In 1897, French commissioned his friend and colleague Henry Bacon to design a studio. French thought the best site would be where the barn then stood, offering a majestic view of Monument Mountain. Construction on the studio began in April 1898 and three months later, impatient to occupy his new workspace despite its final completion two weeks away, French started working there on on July 16. By August 6, he was receiving callers.
A reception room was a standard for fashionable artists’ studios of French’s time, as a gathering place where business visitors were received. It was there, also, that French relaxed by drawing and painting oil or pastel portraits of friends, family, or neighbors in the excellent north light of the French windows. The family’s afternoon tea took place there when inclement weather precluded the use of the south-facing piazza, a 50-foot long porch with the view that the sculptor so enjoyed.
The main work space of the Studio is a 30 x 29-foot room with 26-foot high walls which provided ample space for heroic equestrian models. Along with provisions for excellent natural lighting, French had other exceptional requirements since so much of his work was designed to be placed outdoors. To be able to view work in progress en plein air, French devised an ingenious scheme for moving sculpture outside of the Studio with relative ease. Part of the studio floor is, in fact, a standard gauge flatcar that, by the removal of adjacent floor panels, can be pushed outdoors on tracks. French, therefore, could judge his works’ effect in the open. Oftentimes, French would view his work by standing down in the field in order to get the appropriate viewing distance.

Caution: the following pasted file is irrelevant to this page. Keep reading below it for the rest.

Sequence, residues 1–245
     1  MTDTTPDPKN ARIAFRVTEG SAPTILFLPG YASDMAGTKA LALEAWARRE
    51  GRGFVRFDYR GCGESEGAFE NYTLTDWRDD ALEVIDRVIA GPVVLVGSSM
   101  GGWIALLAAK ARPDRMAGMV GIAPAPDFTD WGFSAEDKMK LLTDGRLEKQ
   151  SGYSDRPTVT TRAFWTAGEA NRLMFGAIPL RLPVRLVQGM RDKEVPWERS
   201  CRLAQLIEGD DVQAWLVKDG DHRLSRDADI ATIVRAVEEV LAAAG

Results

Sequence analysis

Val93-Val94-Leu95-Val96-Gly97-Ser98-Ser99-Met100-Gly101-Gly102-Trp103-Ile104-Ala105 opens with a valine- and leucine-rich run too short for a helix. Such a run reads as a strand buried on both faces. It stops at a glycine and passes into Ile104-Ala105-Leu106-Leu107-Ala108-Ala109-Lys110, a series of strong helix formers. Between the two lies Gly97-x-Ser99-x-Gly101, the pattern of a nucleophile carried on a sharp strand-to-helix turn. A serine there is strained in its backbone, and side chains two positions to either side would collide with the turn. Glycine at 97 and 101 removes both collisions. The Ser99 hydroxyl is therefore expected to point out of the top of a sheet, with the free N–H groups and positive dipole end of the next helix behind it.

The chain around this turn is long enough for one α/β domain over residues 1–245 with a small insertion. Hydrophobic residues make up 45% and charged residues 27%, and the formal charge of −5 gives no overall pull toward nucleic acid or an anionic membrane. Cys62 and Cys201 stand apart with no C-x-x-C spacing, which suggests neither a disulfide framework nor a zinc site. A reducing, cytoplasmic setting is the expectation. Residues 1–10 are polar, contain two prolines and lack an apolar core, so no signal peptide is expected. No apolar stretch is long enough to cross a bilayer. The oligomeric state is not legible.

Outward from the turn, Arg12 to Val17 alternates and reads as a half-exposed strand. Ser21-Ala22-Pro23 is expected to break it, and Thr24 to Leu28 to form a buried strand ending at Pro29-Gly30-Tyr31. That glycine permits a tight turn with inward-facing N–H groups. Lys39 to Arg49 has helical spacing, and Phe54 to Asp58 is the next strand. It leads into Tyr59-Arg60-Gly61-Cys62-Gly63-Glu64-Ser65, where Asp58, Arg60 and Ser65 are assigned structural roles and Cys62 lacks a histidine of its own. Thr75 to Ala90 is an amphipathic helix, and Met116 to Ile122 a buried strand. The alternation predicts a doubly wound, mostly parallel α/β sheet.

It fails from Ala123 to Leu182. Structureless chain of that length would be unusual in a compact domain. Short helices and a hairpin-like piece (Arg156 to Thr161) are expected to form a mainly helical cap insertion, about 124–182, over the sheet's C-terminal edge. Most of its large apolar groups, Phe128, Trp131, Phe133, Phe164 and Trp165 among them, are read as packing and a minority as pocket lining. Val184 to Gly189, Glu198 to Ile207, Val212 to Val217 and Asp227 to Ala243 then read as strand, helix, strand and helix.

It was in the adjacent casting room that clay models were cast into plaster for further sculptural development and later casting in bronze. Through trap doors, plaster casts and discarded clay models were lowered to be dealt with in the cellar.
Thanks to several grants from the Mass Cultural Council, Cultural Facilities Fund, the National Trust for Historic Preservation, and individual donors Honorary Council Member Ingersoll Cunningham and Council Emeritus Member Jeannene Booher, the Studio exterior and interior were rehabilitated in 2014. Basing decisions on historical photographs and period descriptions, Chesterwood staff restored the Studio to more accurately reflect its use during French’s time.
For a detailed guide of the Studio, please click here for a printable PDF.
 Michael Richman, "Brite and Bacon, 'Studio for Daniel C. French, Esq., Glendale, Mass., Blueprints, scale ¼ = 1 foot,' New York, ca. 1897–98; 'Specifications of studio for D.C. French'" in Daniel Chester French: An American Sculptor, (New York: Metropolitan Museum of Art for the National Trust for Historic Preservation, 1976).
 Michael Richman, "Garden Notebook, Box 83, F.F.P." in in Daniel Chester French: An American Sculptor, (New York: Metropolitan Museum of Art for the National Trust for Historic Preservation, 1976).